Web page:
"It'll fit," said Neighbor's Husband with the stubborness of someone who just really wanted to go home already.
"I don't know..." said Phillip chewing thoughtfully on his lip.
"IT HAS TO FIT," said Sean, who immediately entered the elevator and TOOK OFF THE CEILING. Granted, the ceiling was a plastic tray type thing that prevented elevator riders from the slow radiation death of the flourescent light tube, but still. He dismantled the elevator! Then Neighbor's Husband unscrewed the light tube thing which, apparently, does not get hot and, apparently, only stupid people like me don't know things like that and screech in horror, "WAIT! YOU'LL BURN YOURSELF!" as someone reaches up to remove it.)
"Better not tell the manager!" I joked because HAR HAR, Sean IS the manager. I crack myself up. That gash in the corner and the Exit sign hanging by one cord? Oh yeah, the manager'll fix that for ya. He's pretty good at vacuuming too.
So anyway, they stood the couch up on one end and slid it into the newly lengthened elevator (nearly crushing Sean's knees, by the way. Way to freak me out there, Sean.) Extricating the couch from the elevator and depositing it in Sean's living room was an easy task and quickly accomplished. There was much rejoicing as Neighbor's Husband got to go home, Phillip and I were free of the Great White Leather Scratching Post and Sean finally FINALLY had somewhere to sit.
We did that Thursday night. Friday night? I had nowhere to sit. It was horrible. It is impossibly to enjoy your television shows when there is nowhere to sit. We had to actually eat dinner at the TABLE. I do not wish this on anyone.
Saturday morning I ate my breakfast sitting on the counter and held my breath until the delivery guys came. The loveseat was no sweat. They had a little blanket thing that they dragged the couch on until they got to the stairs. Then they just picked it up and twisted it and because they didn't speak English I spoke slowly and loudly and did a lot of hand clapping. You want to be nice to the men in charge of carrying large heavy things through your delicate freshly painted stairway. The three seater, however, was too tall to slide so easily.
"It won't fit," said the one who knew the most English.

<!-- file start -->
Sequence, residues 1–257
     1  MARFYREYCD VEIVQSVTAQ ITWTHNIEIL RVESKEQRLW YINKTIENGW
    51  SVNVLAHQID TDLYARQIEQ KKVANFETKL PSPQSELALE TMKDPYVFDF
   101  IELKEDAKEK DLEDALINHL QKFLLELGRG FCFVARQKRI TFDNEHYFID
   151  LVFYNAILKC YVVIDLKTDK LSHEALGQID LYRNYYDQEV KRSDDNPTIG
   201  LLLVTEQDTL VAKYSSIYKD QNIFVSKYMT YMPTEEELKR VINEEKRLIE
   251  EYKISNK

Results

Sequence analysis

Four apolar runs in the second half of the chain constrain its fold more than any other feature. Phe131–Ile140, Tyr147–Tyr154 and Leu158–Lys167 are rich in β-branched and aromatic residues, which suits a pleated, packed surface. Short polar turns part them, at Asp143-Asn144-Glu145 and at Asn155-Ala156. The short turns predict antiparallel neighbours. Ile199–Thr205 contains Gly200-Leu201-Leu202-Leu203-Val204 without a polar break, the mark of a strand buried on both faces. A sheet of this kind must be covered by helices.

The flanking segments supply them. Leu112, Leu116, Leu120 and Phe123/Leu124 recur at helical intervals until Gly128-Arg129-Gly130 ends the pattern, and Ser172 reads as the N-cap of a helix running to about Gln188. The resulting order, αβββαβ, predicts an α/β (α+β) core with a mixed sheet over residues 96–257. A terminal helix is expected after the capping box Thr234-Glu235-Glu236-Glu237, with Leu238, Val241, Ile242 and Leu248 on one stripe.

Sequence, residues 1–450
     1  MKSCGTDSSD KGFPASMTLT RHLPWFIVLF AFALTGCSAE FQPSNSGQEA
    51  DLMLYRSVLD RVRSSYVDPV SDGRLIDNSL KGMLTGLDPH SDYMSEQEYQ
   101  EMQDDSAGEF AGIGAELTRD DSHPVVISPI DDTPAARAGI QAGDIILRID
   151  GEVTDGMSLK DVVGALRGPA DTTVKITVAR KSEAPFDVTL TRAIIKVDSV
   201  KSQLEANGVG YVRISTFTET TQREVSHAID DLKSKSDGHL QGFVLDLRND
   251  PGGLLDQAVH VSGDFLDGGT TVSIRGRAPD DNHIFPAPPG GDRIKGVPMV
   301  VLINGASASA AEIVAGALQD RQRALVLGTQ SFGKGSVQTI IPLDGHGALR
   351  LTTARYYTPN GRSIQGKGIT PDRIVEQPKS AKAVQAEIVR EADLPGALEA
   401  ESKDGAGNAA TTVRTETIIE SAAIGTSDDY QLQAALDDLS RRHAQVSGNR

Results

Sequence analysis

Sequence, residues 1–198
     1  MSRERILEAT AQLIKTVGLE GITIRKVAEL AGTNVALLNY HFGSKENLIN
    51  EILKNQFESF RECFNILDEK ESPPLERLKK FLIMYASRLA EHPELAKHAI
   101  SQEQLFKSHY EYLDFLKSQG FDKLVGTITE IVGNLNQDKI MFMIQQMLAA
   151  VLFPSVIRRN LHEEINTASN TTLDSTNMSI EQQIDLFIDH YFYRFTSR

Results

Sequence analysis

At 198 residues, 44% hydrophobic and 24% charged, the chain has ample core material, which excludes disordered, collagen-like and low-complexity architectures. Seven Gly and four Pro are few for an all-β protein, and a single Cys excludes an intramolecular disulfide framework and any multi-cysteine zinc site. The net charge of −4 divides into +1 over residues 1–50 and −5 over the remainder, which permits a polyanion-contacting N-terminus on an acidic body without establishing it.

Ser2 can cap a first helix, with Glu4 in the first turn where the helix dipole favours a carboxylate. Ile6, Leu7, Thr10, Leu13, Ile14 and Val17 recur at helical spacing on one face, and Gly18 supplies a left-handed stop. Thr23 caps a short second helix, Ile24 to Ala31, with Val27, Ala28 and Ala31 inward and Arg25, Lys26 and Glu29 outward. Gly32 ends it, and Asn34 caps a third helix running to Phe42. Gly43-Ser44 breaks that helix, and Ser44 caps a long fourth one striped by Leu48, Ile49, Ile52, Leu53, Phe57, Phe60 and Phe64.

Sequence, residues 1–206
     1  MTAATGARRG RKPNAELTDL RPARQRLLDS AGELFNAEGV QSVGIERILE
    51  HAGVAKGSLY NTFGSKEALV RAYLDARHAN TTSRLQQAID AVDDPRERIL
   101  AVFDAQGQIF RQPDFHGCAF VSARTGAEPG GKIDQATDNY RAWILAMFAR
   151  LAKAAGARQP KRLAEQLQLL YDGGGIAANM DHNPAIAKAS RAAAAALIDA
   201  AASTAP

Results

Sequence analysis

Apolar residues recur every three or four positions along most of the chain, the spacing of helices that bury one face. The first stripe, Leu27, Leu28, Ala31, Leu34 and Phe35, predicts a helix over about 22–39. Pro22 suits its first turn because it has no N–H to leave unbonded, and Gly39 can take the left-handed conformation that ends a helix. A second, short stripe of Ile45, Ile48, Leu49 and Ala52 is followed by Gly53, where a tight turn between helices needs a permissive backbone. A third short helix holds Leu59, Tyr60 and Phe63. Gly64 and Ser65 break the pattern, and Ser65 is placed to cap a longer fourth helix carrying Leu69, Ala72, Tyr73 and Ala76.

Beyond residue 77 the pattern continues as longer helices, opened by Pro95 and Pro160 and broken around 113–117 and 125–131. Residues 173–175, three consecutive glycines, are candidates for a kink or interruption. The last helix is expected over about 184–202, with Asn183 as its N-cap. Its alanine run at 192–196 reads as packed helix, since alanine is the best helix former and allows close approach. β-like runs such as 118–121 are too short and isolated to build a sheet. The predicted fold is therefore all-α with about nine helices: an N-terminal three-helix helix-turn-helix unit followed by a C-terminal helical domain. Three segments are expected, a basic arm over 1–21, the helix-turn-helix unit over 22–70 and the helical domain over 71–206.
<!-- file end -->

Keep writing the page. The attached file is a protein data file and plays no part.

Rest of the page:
"No no no," I said.
"No no no," Phillip said. "We got a BIGGER couch up and down these stairs already."
The guy who didn't know any English shrugged. The first guy shrugged in reply. And with Phillip's expert Couch Mover direction, they found a way to tip the couch just so and haul it up the stairs. (With one yellow gash and one red gash in the walls, so I'm kind of regretting that congratulatory hand clapping I treated them to once they'd set it down AND the big glasses of water I distributed afterwards. Honestly. Now I might have to wield a paint brush again and the Internet does NOT want any more painting stories, I know it.)
So now I have them. Two gloriously red couches. That are, um, puffy.
VERY VERY POOFY PUFFY DANGEROUS FOR SMALL CHILDREN TO JUMP ON BECAUSE OF THE TRAMPOLINE-LIKE BOUNCINESS COUCHES.
My sister was over Saturday afternoon and we spent most of the day leaping on and throwing our full weight into the cushions in an effort to depoofify. (You catch that? De-poof-ify? I'm copyrighting that word.)
But maybe my old couches were so low and flat and BLEAH that a normal couch experience is completely foreign. They are not the deep sink-into-the-fold couches I've always wanted (like the one at my in-laws'- I LOVE that couch) or a big comfy sectional like the ones my folks have, but they are RED and they are BEAUTIFUL and my head and feet prop up perfectly on the love seat. And amazingly enough, we have not messed them up yet. (But I'm kinda looking forward to that because, apparently, you can DRAW on these things and just wipe it off with soap and water, such is the wonder of Microfiber! Crazy!)
(Perhaps I will have Sean write a guest post in which he defends the Old Couches, the Comfiness Of. Wouldn't that be fun?)